After we had our fill of the lighthouse (as if I ever could!) we drove back down Hwy 1 about 10 minutes and took a 3 km side trek out to the giant sand dunes located on the western side of 90-mile beach. There the bus showcased its off-roading capabilities and drove onto the wet sand! Once Dan found a good place to stop we were able to get out and try sand boarding if we wished. He took us to the top of a giant sand dune and demonstrated how to lay face first on the board with our elbows in while we slid down this giant sand dune, using our feet to steer and as breaks. I must admit it was pretty fun and the view from the top was just as great.
Dan demonstrating how to sand board

The hill we climbed up before sand boarding down
View from the top of the sand boarding hill with the Pacific Ocean in the far distance
Now that everyone had eaten a healthy helping of sand, Dan continued to follow the wet sand until he practically drove us straight out into the Tasman Sea! And so began the start of our drive down 90 Mile Beach,which really is only 55 miles (88 km). It got its name from the farmers that used to drive their cattle down the beach and claimed they drove 10 miles every day for 9 days to move their cattle the length of the beach, which begins at Reef Point (west of Ahipara Bay) and ends at Scott’s Point (5 km south of Cape Maria Van Diemen). And yes, we actually drove on the wet, sandy beach of the Tasman Sea while the tide was down.
Driving down 90 Mile Beach - in the background is a other famous hole in the rock
90 Mile Beach
Dan let us stop a couple of times for a short walk to different lookout points. The second one we came across had tiny shells that made up the entire beach!

Once we completed our leg of the 90-mile beach, Dan drove our Dune Rider back onto Hwy 1 where we continued south along the coast. Next we stopped at the Ancient Kauri Kingdom in Awanui for a short break, just long enough to clean the sand out of the bus and grab some ice cream! Our final and last stop for the day was the famous Fish & Chips shop in Mangonui. We had their fresh fish of the day while enjoying a fantastic view of Mangonui harbor, perfect ending to a perfect day.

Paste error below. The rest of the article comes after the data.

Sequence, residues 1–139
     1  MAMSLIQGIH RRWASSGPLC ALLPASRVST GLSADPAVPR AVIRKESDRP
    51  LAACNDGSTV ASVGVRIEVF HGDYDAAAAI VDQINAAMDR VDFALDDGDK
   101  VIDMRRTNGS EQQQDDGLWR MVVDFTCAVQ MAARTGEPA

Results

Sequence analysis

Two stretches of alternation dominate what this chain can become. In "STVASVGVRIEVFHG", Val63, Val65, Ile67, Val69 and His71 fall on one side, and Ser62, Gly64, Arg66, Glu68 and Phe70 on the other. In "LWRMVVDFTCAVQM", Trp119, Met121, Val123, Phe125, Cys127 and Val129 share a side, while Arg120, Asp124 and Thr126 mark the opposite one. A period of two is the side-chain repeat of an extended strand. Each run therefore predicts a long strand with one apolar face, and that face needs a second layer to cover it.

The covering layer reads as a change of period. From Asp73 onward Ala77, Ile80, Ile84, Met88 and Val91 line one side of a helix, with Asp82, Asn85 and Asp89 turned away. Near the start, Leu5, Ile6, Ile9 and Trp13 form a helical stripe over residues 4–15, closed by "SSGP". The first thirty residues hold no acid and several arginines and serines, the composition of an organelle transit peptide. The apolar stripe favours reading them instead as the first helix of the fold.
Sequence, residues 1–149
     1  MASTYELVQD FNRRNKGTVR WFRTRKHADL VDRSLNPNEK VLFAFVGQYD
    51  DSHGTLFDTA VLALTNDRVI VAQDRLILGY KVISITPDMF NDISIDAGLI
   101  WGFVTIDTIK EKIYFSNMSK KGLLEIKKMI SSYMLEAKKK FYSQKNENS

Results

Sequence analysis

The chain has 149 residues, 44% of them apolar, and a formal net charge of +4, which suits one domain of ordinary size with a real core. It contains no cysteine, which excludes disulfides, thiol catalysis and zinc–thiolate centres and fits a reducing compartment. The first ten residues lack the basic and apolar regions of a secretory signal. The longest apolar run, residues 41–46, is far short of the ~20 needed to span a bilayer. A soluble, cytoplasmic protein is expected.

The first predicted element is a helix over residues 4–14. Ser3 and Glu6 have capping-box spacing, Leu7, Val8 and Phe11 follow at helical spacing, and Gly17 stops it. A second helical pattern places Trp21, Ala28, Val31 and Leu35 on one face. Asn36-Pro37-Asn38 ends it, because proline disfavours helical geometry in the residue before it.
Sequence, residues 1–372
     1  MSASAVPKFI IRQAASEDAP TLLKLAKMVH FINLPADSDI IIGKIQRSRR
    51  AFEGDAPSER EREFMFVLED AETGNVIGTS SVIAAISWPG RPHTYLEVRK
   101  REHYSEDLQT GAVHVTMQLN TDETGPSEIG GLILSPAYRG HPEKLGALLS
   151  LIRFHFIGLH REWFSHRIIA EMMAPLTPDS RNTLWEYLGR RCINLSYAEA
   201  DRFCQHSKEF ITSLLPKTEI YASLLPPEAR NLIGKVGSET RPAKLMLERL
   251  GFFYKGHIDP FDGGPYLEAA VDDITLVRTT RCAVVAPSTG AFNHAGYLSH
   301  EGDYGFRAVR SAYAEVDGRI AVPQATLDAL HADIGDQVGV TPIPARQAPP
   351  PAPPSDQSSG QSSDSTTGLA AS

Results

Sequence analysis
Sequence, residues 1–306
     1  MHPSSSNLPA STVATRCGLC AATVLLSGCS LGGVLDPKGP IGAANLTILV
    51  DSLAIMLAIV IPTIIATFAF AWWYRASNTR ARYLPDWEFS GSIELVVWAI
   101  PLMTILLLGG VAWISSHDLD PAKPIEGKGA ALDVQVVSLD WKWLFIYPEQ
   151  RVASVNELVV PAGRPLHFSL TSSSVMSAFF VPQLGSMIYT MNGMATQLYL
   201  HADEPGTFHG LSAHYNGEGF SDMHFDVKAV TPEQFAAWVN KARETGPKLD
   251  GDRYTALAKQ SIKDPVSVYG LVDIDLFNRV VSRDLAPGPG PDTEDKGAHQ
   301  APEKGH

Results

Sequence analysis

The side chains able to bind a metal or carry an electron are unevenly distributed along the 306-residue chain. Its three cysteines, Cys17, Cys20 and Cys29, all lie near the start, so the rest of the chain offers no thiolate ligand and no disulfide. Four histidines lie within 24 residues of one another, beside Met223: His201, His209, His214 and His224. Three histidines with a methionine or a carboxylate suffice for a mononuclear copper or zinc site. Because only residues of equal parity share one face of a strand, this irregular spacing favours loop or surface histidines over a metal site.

View of the harbor from the fish & chips shop

Thursday, July 19, 2012
This morning I met Anja at the front of the Pipi Patch at 8:30 and we walked the short distance down to the wharf for our 4-hour Hole in the Rock Discovery Cruise. Our boat took off around 9 AM and we were off to tour the Bay of Islands, see the Hole in the Rock, and maybe spot some dolphins along the way.
Our cruise boat for the morning
On our way out of the bay we saw a small seal! He was so cute having a good old time playing in the water alongside the boat.

After seeing the seal our captain cruised the boat along amongst the islands for a while before heading out into the Pacific Ocean to see the Hole in the Rock. You could tell when the bay ended and the ocean began because the water changed from a dreamy turquoise to a deep, dark navy blue and the waters got much more choppy. The captain drove the boat right next to the rock but was unable to drive through the hole because the waters were so rough. At least we got to enjoy the view!